Another option is a shift dress, which goes straight down and isn’t tight anywhere. For winter, look for dresses with sleeves to help stay warm without having to worry about adding layers and losing the shape of the dress.

Related Articles:

View all News & Articles

Toilet paper with smiley face

Is my Poop Healthy/Normal?

Nutrition and diet consultation at home

CDHF Partners with NutriProCan IBS Program Designed to Relieve or Resolve IBS Symptoms

Man sitting on toilet, frustrated with IBS

What does IBS-C feel like? How do I know If I have IBS-C?

How to Treat and Manage IBS-C

Women looking up with question marks above her head

Dysbiosis and IBS

white toilet on pink background

Living Positively with IBS-M

Peppermint

Peppermint Fixes More Than Just Bad Breath

Women lying on pillow holding stomach in pain

Managing IBS

Toilet paper roling on a green background

Understanding IBS

Healthy foods laid out on table

Evidence Based Ways to Manage Irritable Bowel Syndrome (IBS)

Pink suitcase with microbe background

IBS Survival Guide

Mediaplanet: Did You Know Women are 2x More Likely to Have IBS Than Men?

Couple on a date

Dating with IBS

yoga class

The Importance of Managing Stress for People who Suffer from IBS

Women pondering with question marks

Top IBS Questions: Answered!

Women shaking her head

Think You May Have Irritable Bowel Syndrome (IBS)?

Hand squeezing a grapefruit

Diets Used for IBS

Functional Foods with Added Probiotics

Women holding her stomach in the bathroom with toilet paper in her hand

Women and IBS

Women talking to another women in an office with a lot of windows

Mental Health, IBS and Removing the Stigma

Women and male bathroom stall

Managing your Digestive Health in the Workplace Webinar

How to Manage IBS Animation

CDHF Talks: IBS and the Gut Microbiome

Hands on top of other hands supporting one another

IBS, IBD & Mental Health Webinar

Beginning frame of Living with IBS Animation

Living Positively with IBS Animation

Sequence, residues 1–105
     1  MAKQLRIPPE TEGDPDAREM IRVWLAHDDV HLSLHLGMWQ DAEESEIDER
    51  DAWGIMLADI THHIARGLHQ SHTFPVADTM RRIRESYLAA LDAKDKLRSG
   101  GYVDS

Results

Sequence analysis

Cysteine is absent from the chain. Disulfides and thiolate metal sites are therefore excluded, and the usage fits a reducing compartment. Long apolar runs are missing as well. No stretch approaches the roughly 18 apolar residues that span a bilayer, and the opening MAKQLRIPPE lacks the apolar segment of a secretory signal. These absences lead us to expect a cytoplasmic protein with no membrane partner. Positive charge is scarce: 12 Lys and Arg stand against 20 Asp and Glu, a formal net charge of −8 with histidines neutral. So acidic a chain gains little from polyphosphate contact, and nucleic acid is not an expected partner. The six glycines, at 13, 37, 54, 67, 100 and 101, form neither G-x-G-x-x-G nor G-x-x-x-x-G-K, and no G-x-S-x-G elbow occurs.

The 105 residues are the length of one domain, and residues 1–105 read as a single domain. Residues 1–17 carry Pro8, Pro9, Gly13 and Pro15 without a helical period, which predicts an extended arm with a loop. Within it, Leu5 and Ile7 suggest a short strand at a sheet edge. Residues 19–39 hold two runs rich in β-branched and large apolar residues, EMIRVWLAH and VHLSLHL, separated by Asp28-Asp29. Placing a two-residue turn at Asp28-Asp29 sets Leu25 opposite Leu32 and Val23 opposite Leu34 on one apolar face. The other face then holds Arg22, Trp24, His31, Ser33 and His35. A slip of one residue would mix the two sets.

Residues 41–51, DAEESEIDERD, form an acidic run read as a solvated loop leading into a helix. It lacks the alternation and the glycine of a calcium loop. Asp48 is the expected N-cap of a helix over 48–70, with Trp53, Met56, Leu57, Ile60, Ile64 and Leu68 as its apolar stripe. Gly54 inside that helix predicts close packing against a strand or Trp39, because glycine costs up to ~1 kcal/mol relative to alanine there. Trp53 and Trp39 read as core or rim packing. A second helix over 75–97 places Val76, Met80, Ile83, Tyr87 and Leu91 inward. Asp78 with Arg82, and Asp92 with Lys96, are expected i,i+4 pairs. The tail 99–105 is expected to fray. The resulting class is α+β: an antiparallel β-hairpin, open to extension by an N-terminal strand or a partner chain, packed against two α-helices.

Doctors smiling and shaking hands

Understanding IBS-D Webinar

Women looking at her clothes in her closet

Dressing with IBS and other Digestive Health Issues

Green toilet paper on a purple microbe background

Why does IBS Affect more Women than Men?

Pink pills on a blue background

Did You Know That Some Probiotics May Help With IBS?

Candy

Trick or Treating Safely with Digestive Conditions

Toilet paper with flowers

Could I have Irritable Bowel Syndrome (IBS)? 5 Questions to Discuss

Individually prepped meals

What I Eat in a Day with Celiac Disease & IBS

Kids running outside with pool floaties on vacation

The Facts on Diarrhea when Travelling

Women speaking to collegue in an office

Tool Kit for Educating your Employer on Irritable Bowel Syndrome (IBS)

Toilet paper rolling out with a purple background

Why is there Blood in my Stool? Rectal Bleeding

Someone counselling an individual

Long Term Benefits of Cognitive Behavioural Therapy for IBS

Man clutching stomach

How a Gut Infection can Lead to Irritable Bowel Syndrome (IBS)

lab dishes

A New Bacterium on the Block: How Brachyspira may be a factor for IBS

How to use CDHF’s myIBS App

Fecal calprotectin stool test

What is the Fecal Calprotectin Test?

sign that says keep moving forward outside

My Long-Complicated Journey with my Gut and IBS-C

Writing in notebook at a desk

My Experience with IBS-C as a Registered Dietitian

Hands circling around the gut

IBS, The Microbiome and a Novel Virtual Tool

celiac vs ibs

Celiac Disease vs IBS

Couple making pasta

Managing IBS is a Pain in the Butt!

Work colleagues

IBS Doesn’t Work at Work

Women drinking wine with pink microbe background

Alcohol and IBS

peppermint

Patient Experiences using IBgard to Combat Symptoms of IBS

stack of toilet paper

TRULANCE® (plecanatide tablets) for Irritable Bowel Syndrome with Constipation in Adults Is now Available to Canadians

Bio-K+ IBS Pro

Bio-K+ IBS Pro – CDHF Certified Product

IB Gard box on kitchen counter

IBgard® – CDHF Certified Product